However, Alan’s 1882 quote from Engels letter to Kautsky, does highlight one feature of Marx and Engels’ thinking. Reactionary Tsarist Russia always loomed large in their considerations. However, Marx, in 1853, had already entertained the possibility that an independent Southern Slavonian federation could emerge from the wreckage of the Ottoman Empire, which would be a challenge to Tsarist Russia (just as Engels had initially viewed the activities of Czech democrats favourably in the 1848 revolution).

    However, whenever, domestic opposition in Tsarist Russia (either as a consequence of the emancipation of the serfs in 1861, or the formation of the Narodniks) failed to deliver; or whenever, the local Southern Slavonians and Greeks appeared to look to Tsarist Russia for support, then Marx and Engels quickly turned instead to virtually any opponent – whether it be the reactionary Tory, David Urquhart, or Ottoman Turkey – for support against Tsarist Russia.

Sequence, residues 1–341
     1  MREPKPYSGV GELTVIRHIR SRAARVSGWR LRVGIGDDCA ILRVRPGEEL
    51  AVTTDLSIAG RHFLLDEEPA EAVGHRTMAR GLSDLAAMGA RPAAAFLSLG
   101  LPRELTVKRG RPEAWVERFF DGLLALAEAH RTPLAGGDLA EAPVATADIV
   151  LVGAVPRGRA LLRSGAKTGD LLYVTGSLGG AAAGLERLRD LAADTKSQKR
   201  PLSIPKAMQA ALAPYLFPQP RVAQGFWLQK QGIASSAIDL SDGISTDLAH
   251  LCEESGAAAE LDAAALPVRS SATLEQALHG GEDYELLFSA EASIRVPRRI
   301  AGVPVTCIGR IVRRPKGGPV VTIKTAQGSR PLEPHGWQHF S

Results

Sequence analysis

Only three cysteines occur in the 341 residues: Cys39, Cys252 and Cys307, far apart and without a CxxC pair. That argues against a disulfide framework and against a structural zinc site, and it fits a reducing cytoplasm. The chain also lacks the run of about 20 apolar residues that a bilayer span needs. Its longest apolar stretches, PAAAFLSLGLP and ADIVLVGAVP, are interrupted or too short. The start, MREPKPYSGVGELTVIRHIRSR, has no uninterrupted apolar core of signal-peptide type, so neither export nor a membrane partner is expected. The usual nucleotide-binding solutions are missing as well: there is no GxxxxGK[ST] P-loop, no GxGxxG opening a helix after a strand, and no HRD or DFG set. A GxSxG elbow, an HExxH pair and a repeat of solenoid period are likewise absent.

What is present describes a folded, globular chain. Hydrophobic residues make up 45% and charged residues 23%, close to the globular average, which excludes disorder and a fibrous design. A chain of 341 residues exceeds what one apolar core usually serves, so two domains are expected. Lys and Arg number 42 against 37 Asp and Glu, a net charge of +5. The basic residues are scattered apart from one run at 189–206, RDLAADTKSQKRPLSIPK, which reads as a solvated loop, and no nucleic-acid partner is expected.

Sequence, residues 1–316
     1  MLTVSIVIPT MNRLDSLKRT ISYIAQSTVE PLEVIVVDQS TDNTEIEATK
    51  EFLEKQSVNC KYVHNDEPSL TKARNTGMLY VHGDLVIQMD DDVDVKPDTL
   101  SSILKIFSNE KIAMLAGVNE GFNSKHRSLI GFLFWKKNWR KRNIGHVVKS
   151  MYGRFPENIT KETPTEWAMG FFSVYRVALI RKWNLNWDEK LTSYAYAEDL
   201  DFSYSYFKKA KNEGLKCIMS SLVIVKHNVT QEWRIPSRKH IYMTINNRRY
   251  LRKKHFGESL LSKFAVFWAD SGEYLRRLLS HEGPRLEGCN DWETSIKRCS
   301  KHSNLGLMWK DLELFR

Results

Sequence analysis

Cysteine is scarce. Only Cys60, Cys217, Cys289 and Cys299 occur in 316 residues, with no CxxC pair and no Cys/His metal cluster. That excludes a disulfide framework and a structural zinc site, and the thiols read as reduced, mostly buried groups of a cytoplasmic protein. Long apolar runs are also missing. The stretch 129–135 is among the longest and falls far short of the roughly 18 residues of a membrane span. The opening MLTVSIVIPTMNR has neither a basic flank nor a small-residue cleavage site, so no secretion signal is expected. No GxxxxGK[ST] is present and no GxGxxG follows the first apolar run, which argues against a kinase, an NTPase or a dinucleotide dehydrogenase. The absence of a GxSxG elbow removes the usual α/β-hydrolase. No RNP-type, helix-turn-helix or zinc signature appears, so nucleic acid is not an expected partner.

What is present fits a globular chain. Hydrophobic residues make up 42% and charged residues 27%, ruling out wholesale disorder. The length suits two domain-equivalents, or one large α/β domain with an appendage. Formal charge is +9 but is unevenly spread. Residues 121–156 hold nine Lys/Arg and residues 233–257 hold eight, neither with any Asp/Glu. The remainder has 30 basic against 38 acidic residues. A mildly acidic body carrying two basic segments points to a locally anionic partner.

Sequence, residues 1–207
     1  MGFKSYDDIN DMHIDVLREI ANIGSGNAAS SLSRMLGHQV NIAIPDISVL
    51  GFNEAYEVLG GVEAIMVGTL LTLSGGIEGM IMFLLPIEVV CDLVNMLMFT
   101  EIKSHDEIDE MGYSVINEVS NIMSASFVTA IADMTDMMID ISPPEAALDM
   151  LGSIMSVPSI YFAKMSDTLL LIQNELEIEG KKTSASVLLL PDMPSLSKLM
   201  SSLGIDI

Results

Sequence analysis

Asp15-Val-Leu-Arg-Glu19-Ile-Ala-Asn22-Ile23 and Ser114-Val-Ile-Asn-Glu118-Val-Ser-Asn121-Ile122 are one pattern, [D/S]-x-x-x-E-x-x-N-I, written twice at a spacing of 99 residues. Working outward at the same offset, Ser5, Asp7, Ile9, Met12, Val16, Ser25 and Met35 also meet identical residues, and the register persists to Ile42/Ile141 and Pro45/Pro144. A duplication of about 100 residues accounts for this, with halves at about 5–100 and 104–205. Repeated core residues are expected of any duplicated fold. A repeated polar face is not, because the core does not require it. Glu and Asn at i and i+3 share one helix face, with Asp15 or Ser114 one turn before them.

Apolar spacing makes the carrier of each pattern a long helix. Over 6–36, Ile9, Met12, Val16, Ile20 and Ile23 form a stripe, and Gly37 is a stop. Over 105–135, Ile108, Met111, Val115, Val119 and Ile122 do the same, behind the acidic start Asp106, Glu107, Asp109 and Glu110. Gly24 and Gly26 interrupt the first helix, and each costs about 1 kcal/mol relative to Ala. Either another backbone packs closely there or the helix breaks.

The political context of Engel’s 1882 letter to Kautsky was Tsarist Russia’s recent defeat of the Ottoman Empire (and its expanding influence in the Balkans and Caucasus) in the 1877-8 war, and the crushing of the Populist, Narodnaya Volya after the assassination of the Tsar Alexander II, in 1881. The exasperated tone of Engels letter is highlighted by his claim, “that six months of independence will suffice for most Austro-Slavs to bring them to a point where they will beg to be readmitted”!

    This letter of Kautsky (and a similar one to Bernstein) were examples of private correspondence, in which both Marx and Engels were often very ‘non-p.c.’. Certainly, even towards the end of his life in 1896, Engels could remain disparaging of particular nationalities, which challenged the Ottoman Empire, such as the Armenians and Cretan Greeks, because he still saw them as catspaws for Tsarist Russia. However, in this attitude, he was opposed by Kautsky, Parvus, and even by Luxemburg.